The most recent high-profile protest of the Oscars before #OscarsSoWhite was the 2007-8 Writers’ Strike, in which 12,000 screenwriters from film and television went on strike for 100 days to fight for increased compensation.[31] Writers unified under two American labor unions: the Writers Guild of America, East (WGAE) and the Writers Guild of America West. Scripted shows running at the end of 2007 were to be shut down, with ratings of major television networks plummeting during this period. Several entertainment awards shows, including the Oscars, were at risk of being canceled if waivers were not being pursued. The results were mixed. Writers lost $26 million in compensation during their time of protest, while gaining marginally in the expected payouts of their contracts. The aftermath showed the power of media conglomerates to stifle those traditionally on the sidelines of the film industry. Two key differences can be learned from this movement compared to #OscarsSoWhite. First, the presence of social media potentially could have lent these writers a powerful platform to voice their articulated thoughts while allowing frustrated TV and film viewers to express discontent with canceled viewings. Second, there was much less celebrification of this movement, with actors hesitating to stand in solidarity with the writers who were actively at odds with the higher compensation these stars were getting in comparison.

Impact of Movement

Prior to the 2016 Oscars, Academy membership was roughly comprised of 92% white voters and 75% male members.[32] We see a direct impact on how the #OscarsSoWhite has created change in this composition. Following the outcry, the Academy instated 41% voters of color and 46% female voters. This was fueled by Isaacs’s push for diversification efforts. Only two weeks after the nominations were announced, AMPAS set a goal to double both the number of women and diverse voters by 2020. Because these members set the nominations annually for the Oscars, an emergence of diverse films and actors being nominated or recognized followed suit. This list includes the movies Hidden Figures and Moonlight (which won Best Picture in 2017), with actors Viola Davis and Mahershala Ali winning in their respective acting categories, and Jordan Peele receiving a nomination for Best Director.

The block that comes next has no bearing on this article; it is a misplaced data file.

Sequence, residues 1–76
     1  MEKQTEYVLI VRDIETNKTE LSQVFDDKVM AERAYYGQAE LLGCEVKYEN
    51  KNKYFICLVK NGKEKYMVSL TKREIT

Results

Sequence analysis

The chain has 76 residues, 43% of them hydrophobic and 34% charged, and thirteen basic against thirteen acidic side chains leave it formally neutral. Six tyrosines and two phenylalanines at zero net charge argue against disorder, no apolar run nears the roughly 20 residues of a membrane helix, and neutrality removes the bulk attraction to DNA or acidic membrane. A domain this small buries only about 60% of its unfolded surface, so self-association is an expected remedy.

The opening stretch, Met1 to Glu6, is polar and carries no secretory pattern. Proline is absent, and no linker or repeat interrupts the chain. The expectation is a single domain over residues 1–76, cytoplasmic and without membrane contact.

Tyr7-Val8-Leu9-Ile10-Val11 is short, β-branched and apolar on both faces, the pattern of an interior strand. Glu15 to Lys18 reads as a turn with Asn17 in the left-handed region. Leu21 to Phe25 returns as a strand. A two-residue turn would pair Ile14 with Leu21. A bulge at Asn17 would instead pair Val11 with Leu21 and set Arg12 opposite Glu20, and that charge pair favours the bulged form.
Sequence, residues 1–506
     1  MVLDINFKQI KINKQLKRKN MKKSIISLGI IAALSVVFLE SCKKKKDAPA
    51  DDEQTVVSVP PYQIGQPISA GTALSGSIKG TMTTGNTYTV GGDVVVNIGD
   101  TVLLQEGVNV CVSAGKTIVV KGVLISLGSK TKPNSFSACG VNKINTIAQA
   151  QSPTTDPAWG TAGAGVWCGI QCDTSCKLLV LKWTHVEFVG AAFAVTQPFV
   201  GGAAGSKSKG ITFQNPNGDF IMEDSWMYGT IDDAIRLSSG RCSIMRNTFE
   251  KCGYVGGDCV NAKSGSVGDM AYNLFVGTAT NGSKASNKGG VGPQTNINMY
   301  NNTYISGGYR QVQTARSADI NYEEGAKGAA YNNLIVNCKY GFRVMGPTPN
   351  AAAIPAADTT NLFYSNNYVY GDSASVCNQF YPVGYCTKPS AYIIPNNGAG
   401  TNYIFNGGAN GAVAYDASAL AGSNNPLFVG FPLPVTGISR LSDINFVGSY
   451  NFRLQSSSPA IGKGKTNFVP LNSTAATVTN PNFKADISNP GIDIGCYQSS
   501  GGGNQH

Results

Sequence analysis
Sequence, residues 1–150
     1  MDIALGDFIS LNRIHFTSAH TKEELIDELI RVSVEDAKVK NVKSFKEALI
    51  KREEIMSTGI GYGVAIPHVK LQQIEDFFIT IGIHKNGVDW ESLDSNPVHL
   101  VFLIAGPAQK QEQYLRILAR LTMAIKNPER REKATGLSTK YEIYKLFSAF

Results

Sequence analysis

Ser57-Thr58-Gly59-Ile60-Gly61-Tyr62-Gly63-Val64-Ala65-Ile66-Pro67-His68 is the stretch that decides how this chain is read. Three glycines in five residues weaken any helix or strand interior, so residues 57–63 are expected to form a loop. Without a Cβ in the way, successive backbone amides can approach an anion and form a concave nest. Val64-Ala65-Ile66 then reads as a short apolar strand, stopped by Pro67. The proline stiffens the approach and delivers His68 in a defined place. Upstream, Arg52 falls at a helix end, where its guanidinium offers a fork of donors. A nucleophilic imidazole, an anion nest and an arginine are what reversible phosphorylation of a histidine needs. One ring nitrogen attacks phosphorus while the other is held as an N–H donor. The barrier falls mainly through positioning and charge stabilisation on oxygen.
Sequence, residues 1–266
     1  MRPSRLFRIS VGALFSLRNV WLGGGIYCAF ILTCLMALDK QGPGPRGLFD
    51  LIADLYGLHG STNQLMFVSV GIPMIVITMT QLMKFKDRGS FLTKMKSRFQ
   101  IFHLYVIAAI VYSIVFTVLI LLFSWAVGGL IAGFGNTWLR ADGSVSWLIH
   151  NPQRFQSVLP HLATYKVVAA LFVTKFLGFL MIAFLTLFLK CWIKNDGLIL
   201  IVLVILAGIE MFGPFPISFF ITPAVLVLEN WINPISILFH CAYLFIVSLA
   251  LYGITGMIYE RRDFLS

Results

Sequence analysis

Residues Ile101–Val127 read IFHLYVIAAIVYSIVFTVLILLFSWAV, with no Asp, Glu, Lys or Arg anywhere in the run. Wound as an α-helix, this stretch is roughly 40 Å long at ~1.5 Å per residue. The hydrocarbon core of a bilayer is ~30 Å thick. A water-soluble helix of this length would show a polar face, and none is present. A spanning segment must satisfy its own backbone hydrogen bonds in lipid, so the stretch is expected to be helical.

The wave of criticism trickled into casting decisions. Production giants Marvel and Disney committed to diversification efforts, hiring non-white actors in the traditionally white Star Wars series and hiring Ava Duvernay, an African-American female director, to head the production of A Wrinkle in Time. The financial successes of all-minority ensemble casts in movies like Black Panther and Crazy Rich Asians are sometimes attributed to the impact of the hashtag OscarsSoWhite. Film critic Ali Plumb explained “how ‘a complicated situation’ following campaigns like #OscarsSoWhite – which highlighted how white people dominated previous nominations – has amplified Black Panther’s cultural significance,” which not only allowed the movie to gross over 1 billion dollars at the global box office but also received Oscar nods in major categories like Best Picture.[33]

However, the reach of impact has been debated. Documentary nominations continue to be shortlisted based on the director’s identity at the Academy Awards, which favors dramatic arthouse productions or high-billing films.[34] Expanding into 2020, the Academy should not only reach its goals of member diversification but also reexamine the categories not highlighted in the initial public outcry over a white-dominated nomination field (actors, actresses, and directors).

Critiques of Movement

Criticism towards diversity efforts ranged several topics. First responders to the movement wanted to address the split between race and merit, arguing that the best performances that garnered nominations in 2016 happened to be by white performers. Academy member Penelope Ann Miller rebuked that “to imply that this is because all of [the Academy] are racists is extremely offensive. I don’t want to be lumped into a category of being a racist because I’m certainly not and because I support and benefit from the talent of black people in this business. It was just an incredibly competitive year.” [35] Miller added that, “ when you make race the issue, it can divide people even further, and that’s what I worry about.”